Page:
Wifi at 8Gbps as trade body OKs new standard

Alan Burkitt-Gray
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Gigabit Wifi devices delivering 8Gbps are becoming available as the Wi-Fi Alliance introduces new certification scheme for WiGig

The Wi-Fi Alliance has certified the first devices that will deliver Wifi data at up to 8Gbps. Devices are already available, said the trade organisation, but more are expected to be on the way.

The new standard, called WiGig, runs on the 60GHz band, where it has 7GHz of spectrum available. It is based on the existing 802.11ad, set by the Institute of Electrical and Electronics Engineers. The alliance will certify products that conform to the standard.

“Companies such as Dell will have laptops and other equipment available,” said Edgar Figueroa, president and CEO of the Wi-Fi Alliance. “Soon we will have mobile devices including handsets with WiGig capability.”

WiGig may also replace fibre for broadband data services into homes and businesses, suggested Figueroa. “Google Fiber is looking into it. WiGig gives them another option.” Eric Schmidt, CEO of Google owner Alphabet, said in June that wireless was now cheaper than “digging up your garden”.

The Wi-Fi Alliance represents 750 member companies in the industry, including equipment vendors and operators. It took over the former WiGig Alliance, which originally promoted the new spectrum, in 2013.

In August ABI Research forecast that the smartphone industry would take delivery of 180 million WiGig chipsets in 2017, and that smartphone chipsets would account for almost half of the 1.5 billion total market shipments of WiGig chipsets in 2021.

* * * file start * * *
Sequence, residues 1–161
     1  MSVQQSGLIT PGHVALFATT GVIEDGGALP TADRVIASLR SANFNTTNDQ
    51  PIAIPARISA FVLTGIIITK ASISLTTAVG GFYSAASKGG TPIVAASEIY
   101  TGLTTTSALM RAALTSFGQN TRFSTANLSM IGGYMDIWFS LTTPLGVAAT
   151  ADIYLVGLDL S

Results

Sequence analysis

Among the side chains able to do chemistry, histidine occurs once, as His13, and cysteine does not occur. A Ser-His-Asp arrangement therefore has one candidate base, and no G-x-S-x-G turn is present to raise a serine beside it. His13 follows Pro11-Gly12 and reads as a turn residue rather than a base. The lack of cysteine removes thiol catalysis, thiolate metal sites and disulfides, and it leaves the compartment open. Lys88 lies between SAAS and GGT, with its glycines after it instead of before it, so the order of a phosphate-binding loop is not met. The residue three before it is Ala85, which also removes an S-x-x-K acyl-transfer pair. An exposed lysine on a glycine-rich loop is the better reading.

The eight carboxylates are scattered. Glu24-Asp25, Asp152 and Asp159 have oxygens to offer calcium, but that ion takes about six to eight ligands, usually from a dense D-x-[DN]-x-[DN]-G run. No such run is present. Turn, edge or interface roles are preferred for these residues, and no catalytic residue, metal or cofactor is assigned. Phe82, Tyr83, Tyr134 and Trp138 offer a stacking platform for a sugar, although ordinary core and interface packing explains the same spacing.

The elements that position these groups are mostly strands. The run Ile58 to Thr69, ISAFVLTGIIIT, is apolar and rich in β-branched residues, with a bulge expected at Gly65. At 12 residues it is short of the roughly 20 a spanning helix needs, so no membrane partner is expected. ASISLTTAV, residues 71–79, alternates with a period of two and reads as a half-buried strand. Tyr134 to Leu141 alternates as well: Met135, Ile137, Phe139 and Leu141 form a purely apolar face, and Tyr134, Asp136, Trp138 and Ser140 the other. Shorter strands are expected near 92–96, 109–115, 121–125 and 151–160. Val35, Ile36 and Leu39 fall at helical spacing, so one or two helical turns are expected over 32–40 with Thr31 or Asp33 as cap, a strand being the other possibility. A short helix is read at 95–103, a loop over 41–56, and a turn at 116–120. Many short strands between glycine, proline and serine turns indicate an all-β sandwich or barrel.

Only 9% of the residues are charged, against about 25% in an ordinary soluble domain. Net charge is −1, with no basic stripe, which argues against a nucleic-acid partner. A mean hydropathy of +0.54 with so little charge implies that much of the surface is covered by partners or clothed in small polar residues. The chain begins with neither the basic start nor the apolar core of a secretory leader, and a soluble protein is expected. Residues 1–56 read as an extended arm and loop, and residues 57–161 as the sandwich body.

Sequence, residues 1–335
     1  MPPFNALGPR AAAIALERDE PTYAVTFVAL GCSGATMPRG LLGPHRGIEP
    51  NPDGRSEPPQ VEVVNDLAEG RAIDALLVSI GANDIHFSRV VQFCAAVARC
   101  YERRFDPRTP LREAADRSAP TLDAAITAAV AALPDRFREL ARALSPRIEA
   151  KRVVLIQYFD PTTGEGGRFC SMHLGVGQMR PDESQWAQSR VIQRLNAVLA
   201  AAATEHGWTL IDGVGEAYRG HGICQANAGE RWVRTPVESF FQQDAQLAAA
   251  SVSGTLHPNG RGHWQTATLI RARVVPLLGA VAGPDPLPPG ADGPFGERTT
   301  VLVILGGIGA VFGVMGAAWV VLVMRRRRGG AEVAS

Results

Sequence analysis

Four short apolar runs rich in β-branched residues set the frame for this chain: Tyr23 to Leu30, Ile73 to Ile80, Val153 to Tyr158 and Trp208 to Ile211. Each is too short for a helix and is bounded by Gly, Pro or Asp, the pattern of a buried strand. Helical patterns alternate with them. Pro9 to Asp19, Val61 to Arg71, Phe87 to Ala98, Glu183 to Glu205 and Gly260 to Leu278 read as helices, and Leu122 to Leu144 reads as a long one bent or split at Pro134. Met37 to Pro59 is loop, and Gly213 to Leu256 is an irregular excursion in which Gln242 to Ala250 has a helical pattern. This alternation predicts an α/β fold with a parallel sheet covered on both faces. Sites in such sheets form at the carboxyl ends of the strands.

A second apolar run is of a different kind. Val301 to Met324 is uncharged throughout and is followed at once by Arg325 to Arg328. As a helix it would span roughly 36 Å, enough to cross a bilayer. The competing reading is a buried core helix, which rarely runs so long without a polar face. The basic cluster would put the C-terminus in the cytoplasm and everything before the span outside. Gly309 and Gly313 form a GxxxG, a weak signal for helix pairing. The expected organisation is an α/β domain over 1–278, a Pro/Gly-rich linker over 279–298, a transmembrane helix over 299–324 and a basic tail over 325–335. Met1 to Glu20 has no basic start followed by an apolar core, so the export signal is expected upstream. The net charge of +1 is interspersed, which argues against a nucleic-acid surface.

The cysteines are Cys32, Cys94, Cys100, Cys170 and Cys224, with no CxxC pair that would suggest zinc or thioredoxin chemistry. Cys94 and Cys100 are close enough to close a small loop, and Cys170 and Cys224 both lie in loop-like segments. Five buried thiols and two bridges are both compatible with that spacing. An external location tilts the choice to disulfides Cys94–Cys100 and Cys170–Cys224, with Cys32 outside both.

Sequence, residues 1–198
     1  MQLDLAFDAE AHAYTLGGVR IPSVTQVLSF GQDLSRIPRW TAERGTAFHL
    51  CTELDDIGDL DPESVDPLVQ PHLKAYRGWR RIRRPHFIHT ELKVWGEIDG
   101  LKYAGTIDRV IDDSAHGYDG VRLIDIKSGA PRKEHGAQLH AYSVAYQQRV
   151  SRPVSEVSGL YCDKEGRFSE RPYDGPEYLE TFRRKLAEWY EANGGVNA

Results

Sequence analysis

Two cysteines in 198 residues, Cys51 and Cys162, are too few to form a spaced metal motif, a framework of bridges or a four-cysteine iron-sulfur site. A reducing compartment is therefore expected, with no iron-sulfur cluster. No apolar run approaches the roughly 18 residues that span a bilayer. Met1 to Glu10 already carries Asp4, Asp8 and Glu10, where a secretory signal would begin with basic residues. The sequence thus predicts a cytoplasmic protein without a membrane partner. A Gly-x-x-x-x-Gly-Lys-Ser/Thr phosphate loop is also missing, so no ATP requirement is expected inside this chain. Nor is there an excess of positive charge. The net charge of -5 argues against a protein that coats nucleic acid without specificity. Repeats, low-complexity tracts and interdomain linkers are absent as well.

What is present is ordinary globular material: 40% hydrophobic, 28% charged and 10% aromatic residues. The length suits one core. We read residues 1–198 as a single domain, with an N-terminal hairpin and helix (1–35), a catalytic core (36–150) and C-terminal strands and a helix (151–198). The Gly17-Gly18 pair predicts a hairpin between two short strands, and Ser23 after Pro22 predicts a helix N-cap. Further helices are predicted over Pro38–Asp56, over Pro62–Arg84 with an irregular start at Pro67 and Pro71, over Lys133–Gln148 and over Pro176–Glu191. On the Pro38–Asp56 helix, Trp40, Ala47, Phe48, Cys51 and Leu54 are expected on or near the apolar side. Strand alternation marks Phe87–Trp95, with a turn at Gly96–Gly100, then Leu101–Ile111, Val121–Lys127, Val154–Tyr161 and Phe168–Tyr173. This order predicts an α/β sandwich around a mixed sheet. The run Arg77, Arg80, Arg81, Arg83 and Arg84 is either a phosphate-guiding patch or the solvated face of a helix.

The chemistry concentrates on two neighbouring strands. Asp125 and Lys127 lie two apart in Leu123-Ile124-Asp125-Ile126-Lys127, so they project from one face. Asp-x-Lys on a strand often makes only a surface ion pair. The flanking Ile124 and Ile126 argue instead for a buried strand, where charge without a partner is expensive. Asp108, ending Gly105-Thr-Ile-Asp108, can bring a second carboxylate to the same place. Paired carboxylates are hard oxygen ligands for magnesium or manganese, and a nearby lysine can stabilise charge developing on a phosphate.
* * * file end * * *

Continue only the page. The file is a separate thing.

“It’s going to be very popular in the mobile industry,” said Figueroa. “In 2018 the multiband handset with WiGig will become commonplace. It will address many of the use cases for 5G in terms of capacity and speed. Latency for WiGig is getting down to single digit numbers of milliseconds.”

But the development of WiGig “was a heavy lift for the industry”, he added. “The high-frequency radios are brand new technology. It was very difficult to get them to synchronise their timing. The 60GHz band is an order of magnitude higher frequency than is currently used.”

There will be further moves into even higher bands. In July the Federal Communications Commission in the US opened up a new unlicensed band at 64-71MHz and is asking for comment on bands above 95GHz.

Only one device for users is among the first batch of WiGig approvals, the Dell Latitude E7450/70 laptop. The other devices are adapters and a client and router solution based on Qualcomm’s QCA9500 chipset.